Health groups push Johnson & Johnson on 'toxic' chemicals

By Guy Montague-Jones

- Last updated on GMT

Related tags Cosmetics

The Campaign for Safe Cosmetics (CSC) and 40 other charitable organizations have delivered a letter to Johnson & Johnson (J&J) calling for the removal of ‘toxic’ ingredients from its products.

Signed by groups such as the American Nurses Association and Physicians for Social Responsibility, the letter urges J&J to remove formaldehyde and 1, 4-dioxane from its personal care products by the end of 2009.

Letter singles out J&J

In March the CSC raised the alarm about these ingredients, linking them to cancer and skin allergies, and pointed the finger at several leading personal care manufacturers, including J&J.

Now the campaigners have singled out J&J. Lisa Archer, national coordinator of the CSC, said: “There is no excuse for a baby shampoo marketed as ‘the number one choice of hospitals’ to contain chemicals that are suspected of causing cancer.

“As a manufacturer of trusted brands, Johnson & Johnson has a responsibility to remove carcinogens and other hazardous chemicals from its products.”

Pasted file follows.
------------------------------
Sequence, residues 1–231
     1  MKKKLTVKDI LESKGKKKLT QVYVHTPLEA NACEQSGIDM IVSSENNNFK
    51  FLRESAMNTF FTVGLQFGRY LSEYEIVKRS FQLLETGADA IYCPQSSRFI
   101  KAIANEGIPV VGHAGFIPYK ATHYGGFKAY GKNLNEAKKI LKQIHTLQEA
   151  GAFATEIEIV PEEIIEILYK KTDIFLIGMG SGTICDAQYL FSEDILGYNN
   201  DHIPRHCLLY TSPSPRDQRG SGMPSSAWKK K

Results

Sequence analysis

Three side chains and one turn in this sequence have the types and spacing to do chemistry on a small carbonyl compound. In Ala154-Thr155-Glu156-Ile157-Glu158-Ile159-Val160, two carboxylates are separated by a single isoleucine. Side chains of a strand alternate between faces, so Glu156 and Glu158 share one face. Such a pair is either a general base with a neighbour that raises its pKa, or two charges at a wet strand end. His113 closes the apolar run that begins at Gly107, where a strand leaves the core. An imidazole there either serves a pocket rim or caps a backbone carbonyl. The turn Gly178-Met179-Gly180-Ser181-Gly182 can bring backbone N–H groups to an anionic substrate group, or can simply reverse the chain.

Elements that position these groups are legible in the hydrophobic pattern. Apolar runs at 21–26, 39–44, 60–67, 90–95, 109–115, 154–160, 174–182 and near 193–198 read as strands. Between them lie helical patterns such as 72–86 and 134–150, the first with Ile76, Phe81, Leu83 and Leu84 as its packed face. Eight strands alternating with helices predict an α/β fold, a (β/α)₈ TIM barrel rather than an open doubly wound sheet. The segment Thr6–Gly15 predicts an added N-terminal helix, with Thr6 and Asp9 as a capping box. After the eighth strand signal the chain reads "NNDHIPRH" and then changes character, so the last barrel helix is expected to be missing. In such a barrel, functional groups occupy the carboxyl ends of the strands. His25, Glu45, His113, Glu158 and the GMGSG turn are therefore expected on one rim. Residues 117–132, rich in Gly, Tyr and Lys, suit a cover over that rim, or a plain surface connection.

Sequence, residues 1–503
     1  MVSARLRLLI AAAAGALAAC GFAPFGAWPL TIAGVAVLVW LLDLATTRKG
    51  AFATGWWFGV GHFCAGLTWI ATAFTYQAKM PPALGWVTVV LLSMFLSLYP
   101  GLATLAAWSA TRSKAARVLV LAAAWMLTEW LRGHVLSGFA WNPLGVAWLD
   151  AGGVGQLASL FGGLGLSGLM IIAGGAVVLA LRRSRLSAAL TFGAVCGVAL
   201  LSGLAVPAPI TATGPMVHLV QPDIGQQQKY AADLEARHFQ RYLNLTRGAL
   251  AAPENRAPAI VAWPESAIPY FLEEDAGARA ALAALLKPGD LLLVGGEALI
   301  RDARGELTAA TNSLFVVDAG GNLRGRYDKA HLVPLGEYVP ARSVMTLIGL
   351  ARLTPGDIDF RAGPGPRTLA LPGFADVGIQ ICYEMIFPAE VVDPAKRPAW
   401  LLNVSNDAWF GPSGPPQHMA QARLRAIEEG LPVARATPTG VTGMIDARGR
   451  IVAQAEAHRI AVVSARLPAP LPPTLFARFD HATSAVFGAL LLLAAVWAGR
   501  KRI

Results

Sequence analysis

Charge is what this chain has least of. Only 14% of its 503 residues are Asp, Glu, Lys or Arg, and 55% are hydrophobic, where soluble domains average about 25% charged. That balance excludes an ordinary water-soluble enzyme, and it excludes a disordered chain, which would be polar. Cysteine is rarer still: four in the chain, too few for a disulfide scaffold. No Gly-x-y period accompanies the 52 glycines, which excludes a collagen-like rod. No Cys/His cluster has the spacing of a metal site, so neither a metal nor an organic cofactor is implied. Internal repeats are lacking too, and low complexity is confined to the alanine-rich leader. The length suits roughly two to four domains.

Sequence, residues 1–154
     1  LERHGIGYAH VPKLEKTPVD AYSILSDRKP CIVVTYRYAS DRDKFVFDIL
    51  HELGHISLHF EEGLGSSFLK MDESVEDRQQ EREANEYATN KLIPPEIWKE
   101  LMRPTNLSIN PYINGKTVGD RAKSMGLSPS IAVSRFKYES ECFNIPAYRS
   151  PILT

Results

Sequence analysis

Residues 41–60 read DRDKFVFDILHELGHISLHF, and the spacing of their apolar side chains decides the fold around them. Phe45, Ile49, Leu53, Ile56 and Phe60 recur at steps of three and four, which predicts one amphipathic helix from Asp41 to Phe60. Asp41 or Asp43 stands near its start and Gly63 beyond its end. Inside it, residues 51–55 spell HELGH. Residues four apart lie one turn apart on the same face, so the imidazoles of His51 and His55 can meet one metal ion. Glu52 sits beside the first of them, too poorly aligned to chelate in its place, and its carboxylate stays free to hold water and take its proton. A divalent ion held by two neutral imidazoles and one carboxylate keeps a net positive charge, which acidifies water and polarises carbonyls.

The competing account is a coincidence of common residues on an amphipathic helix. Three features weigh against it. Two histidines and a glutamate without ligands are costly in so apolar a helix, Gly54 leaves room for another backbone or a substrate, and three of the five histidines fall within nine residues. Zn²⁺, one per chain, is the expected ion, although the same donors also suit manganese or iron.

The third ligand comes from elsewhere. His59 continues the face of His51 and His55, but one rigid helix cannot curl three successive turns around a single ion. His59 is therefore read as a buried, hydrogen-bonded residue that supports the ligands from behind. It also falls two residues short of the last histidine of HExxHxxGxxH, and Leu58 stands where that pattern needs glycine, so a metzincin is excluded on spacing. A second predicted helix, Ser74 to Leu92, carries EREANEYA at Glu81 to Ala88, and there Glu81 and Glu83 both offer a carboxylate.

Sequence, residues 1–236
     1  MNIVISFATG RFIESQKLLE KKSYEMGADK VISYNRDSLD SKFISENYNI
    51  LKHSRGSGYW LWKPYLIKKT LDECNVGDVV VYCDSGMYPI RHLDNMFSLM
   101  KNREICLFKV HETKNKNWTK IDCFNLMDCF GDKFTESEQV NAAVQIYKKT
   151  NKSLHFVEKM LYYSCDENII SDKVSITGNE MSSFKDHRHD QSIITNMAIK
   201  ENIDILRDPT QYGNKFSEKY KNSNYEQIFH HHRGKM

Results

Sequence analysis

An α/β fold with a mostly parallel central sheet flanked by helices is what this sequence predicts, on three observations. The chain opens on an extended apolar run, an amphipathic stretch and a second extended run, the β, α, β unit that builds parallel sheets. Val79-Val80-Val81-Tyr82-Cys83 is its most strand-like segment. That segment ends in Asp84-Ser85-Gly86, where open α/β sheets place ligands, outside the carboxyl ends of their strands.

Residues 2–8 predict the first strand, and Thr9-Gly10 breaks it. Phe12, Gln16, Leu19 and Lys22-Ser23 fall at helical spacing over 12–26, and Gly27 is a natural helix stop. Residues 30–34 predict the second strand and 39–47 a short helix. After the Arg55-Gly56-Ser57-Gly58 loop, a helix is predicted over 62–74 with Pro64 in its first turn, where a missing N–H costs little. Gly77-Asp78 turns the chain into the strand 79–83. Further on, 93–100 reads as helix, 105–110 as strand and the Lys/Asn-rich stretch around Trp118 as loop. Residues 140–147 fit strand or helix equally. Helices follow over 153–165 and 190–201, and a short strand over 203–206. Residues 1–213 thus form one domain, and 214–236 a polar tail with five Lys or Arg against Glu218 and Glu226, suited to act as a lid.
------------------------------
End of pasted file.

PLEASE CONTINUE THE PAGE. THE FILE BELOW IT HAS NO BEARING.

CSC said other companies are making similar products without potentially hazardous ingredients, and, in Japan, where formaldehyde is banned from cosmetics J&J is already making formaldehyde-free products.

The campaigners therefore argue that J&J should be able to reformulate its products easily to remove any potentially suspect ingredients.

Reaction from J&J

In an interview with Associated Press, J&J spokesperson Bill Price said the company takes the concerns about its products “very seriously” but has no immediate plans to remove the ingredients highlighted by the CSC. He said many regulatory agencies around the world consider the trace levels of these ingredients in its products to be safe.

The CSC report on baby care products has had a significant political impact.

Three lawsuits have been filed against J&J and other companies named in the CSC report. And earlier this month, US senator Kristen Gillibrand introduced “The Safe Baby Products Act” calling for tighter controls and regulations on the ingredients that go into baby care products.

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